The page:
GUEST POST: Edith's Ice Cream Cone Cake Pops

Memories. Some start later in life. Some start young. Some are starting today

image.jpg

When I look at my little three and four-year-old nieces bopping around the kitchen, I see their memories starting right then.

My niece Edith bakes with her mom - my sister - in their Brooklyn apartment. She sprinkles, decorates and saves a cookie for her daddy. With her apron tied, she pretends she's on "Edith's Baking Show" as she cracks the eggs and peeks into the oven to see if the cookies are done. 

image.jpg

There's something special about toddlers. When you're around them, you want their excitement for life and the simplest of things to rub off on you - and the rest of the world. Their dreams are big and minds open. 

Creativity truly shines in the kitchen. Whether it be your child, sibling, niece or nephew - allow them to stir, decorate and taste their baking masterpieces. Whisk pancakes for breakfast, mix up muffins for snacking and bake cookies for sweet treats. And do what Edith did...make these ice cream cone cake pops for Valentine's Day. 

Edith would say these are beautiful. And you know what? They really are.

image.jpg

If you make the whole batch, it will make about 48 cake pops. Perfect for a party! :)

Edith's Ice Cream Cone Cake Pops

(Adapted from Bakerella & makes 48 cake pops)

  • 1 box Red Velvet cake mix (bake as directed on box for 9x13-inch cake)
  • 1 container white frosting (16 oz.)
  • Wax paper
  • 48 ounces (3 lbs) Pink Melting Chocolate (Edith uses Wilton Brand Pink Melting Chocolate)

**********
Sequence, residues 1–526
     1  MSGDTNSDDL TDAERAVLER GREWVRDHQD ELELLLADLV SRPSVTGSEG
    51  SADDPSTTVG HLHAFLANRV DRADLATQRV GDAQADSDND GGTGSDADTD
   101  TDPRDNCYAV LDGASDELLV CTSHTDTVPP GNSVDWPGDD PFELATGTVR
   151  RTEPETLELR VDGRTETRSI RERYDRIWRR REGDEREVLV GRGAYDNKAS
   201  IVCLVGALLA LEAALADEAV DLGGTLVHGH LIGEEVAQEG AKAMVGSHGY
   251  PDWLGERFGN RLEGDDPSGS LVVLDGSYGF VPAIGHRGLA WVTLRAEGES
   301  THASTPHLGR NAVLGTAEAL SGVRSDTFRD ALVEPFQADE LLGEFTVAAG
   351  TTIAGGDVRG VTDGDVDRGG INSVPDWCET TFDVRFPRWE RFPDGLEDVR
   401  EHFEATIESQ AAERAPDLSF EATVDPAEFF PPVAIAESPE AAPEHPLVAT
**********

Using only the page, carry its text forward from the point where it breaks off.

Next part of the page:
• 16 ounces (1 lb) Milk Chocolate
  • Valentine's Day-colored sprinkles
  • Valentine's Day-colored M&M's
  • Sugar ice cream cones and/or lollipop sticks, about 50 (you will need a lollipop stick for dipping)
  • Styrofoam block

Directions: 

  1. Bake the red velvet cake according to directions.
  2. After cake is baked and cooled completely, crumble into a large bowl.
  3. Mix thoroughly with 3/4 of the container of frosting. (Use the back of a large spoon or use your fingers to mix together.) You may not need all of the frosting, so start out by using half of the can and add more if you need to. (You will not use the remaining frosting.)
  4. Roll mixture into quarter-size balls and place on a wax paper covered cookie sheet. (Should make 45-50 balls)
  5. Keep the cake balls chilled in the refrigerator.
  6. Cut the tops off the sugar cones, so that the width of the opening is about 1 1/4 inches.
  7. Make holes in the Styrofoam by using a lollipop stick and work it around in a circular motion until you have an opening in the Styrofoam that mimics the bottom of the sugar cone. 
  8. Melt the chocolate: In a microwave-safe bowl, melt the pink melting chocolate in the microwave, in about 30-second intervals, stirring in between.
  9. When you are ready to coat, take a few cake balls out of the refrigerator. One at a time, dip a cake ball into the melted pink chocolate to coat, then insert a lollipop stick into the ball to lift it out. Transfer the coated ball onto an ice cream cone and remove the stick. The coated cake ball should rest nicely on the open part of the cone. Any excess coating will drop down and enhance the look of the "ice cream" on the cone. 
  10. Place the cones on the Styrofoam to dry completely. 
  11. Melt the milk chocolate in the microwave like you did the pink melting chocolate. Spoon a small amount over the very top of the ice cream cone. One at a time, attach an M&M on the top. Then, sprinkle with a few sprinkles while the milk chocolate is still melted. 
  12. Return to the Styrofoam to dry completely.  
  13. Enjoy! 
image.jpg

Bake something with the little ones this week. I have a feeling you will learn a thing or two from them. And even better if it's for Valentine's Day!